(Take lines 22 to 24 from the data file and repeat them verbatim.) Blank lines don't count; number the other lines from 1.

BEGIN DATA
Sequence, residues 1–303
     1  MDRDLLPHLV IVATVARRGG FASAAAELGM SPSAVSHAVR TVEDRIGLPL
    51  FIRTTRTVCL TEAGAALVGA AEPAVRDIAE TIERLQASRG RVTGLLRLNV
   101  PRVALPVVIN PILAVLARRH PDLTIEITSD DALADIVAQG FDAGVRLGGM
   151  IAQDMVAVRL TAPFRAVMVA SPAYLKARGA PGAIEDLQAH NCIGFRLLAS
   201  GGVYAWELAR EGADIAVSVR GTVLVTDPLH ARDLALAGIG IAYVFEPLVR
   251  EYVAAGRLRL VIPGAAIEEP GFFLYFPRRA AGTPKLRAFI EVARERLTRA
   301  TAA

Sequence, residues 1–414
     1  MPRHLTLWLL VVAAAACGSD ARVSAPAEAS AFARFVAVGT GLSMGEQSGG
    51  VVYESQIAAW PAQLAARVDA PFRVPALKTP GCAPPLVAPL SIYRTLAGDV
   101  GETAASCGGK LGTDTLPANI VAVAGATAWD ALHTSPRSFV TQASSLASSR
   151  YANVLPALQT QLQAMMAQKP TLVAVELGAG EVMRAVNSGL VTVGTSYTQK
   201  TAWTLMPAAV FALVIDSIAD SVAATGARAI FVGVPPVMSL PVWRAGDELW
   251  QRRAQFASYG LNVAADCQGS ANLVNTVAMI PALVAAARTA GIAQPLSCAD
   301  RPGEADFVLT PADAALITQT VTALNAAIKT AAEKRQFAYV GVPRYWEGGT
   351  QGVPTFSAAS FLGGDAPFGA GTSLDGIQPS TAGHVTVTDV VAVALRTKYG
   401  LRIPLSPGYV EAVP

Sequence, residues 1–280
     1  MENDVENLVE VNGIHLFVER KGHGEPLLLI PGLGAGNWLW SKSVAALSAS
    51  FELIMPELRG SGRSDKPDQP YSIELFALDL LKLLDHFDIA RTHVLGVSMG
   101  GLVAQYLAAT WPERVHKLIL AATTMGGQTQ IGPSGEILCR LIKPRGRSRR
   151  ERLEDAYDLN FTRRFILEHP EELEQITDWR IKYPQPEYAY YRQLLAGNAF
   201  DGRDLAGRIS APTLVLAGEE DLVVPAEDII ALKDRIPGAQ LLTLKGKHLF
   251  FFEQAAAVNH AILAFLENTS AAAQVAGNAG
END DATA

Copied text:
   101  GLVAQYLAAT WPERVHKLIL AATTMGGQTQ IGPSGEILCR LIKPRGRSRR
   151  ERLEDAYDLN FTRRFILEHP EELEQITDWR IKYPQPEYAY YRQLLAGNAF
   201  DGRDLAGRIS APTLVLAGEE DLVVPAEDII ALKDRIPGAQ LLTLKGKHLF